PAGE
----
Shivani Siroya, an Indian-American entrepreneur, is the brains behind the loan App Tala (initially InVenture) which operates in Kenya, Tanzania, the Philipines, India, and Mexico.
The loan app was launched in the country in 2014 as Mkopo Rahisi, barely a year after it was first created.
Tala’s smartphone app evaluates customers for credit using only the data on their devices and delivers loans customised for each and every individual in minutes.
According to her LinkedIn profile, Shivani had a stellar career before launching the app in 2013.
She has served as an analyst for top Swedish lender Credit Suisse and also UBS Financial Services in the same region.
She has also worked as an associate with PricewaterhouseCoopers (PwC), Citi Group, United Nations Population Fund (UNPF), and as a financial consultant with Health Net.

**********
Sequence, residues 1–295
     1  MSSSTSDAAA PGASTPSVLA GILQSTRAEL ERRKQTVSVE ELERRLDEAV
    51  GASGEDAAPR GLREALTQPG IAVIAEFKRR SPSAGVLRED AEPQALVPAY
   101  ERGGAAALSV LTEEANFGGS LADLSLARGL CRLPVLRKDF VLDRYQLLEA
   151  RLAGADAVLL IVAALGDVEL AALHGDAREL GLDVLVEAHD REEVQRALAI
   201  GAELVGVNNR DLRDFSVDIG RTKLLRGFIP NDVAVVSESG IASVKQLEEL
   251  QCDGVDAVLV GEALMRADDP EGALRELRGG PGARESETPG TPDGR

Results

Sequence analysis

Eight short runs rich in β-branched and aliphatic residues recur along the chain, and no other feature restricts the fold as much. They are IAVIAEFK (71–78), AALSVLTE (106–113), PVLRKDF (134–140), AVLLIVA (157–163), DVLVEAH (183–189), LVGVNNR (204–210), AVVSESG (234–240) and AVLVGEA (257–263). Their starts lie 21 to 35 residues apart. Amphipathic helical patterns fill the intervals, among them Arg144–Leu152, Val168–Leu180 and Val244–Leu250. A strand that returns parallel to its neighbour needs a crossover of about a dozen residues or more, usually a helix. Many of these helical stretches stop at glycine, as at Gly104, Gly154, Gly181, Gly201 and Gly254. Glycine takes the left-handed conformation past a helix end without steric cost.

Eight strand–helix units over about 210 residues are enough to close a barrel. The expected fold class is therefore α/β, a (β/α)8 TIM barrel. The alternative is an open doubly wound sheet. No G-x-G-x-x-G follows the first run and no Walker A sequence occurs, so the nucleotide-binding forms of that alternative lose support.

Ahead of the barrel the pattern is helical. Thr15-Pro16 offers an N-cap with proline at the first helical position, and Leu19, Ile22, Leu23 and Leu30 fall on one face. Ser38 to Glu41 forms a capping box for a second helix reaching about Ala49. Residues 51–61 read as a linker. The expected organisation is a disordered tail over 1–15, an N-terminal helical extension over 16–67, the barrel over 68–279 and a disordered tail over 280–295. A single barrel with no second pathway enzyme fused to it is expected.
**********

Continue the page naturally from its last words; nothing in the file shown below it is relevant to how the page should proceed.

Siroya was educated at the prestigious Wesleyan University before proceeding to the highly exclusive Columbia University to pursue a Masters Degree in Econometrics, Quantitative Economics and Health Economics.
As of 2018, Tala is reported to have employed 215 staff spread across Santa Monica (US), Nairobi, Dar es Salaam, Manila (Philippines), Mexico City, (Mexico) Mumbai and Bangalore (India).
Its operations in the country are headed by Ivan Mbowa, a position that was formerly headed by Rose Muturi who has since left the firm.
In July 2019, Forbes named Tala as one of the top 50 FinTech companies in the world and had its work has been highlighted by the New York Times, the Financial Times, the Wall Street Journal, TED, and TechCrunch, among others.
In August of the same year, Forbes estimated Tala's total worth to be Ksh80 billion, and had made an investment worth Ksh6.5 billion towards product development and further deepening its market reach in Kenya.
Loan apps have revolutionized the lives of many Kenyans who have not been able to access funds in the formal banking system for one reason or the other.
Reports from the World Bank in 2019 show that in Kenya, 35% of borrowing is for consumption, including ordinary household needs, airtime and personal or household goods, 37% for businesses and a paltry 7% borrow for emergency purposes.
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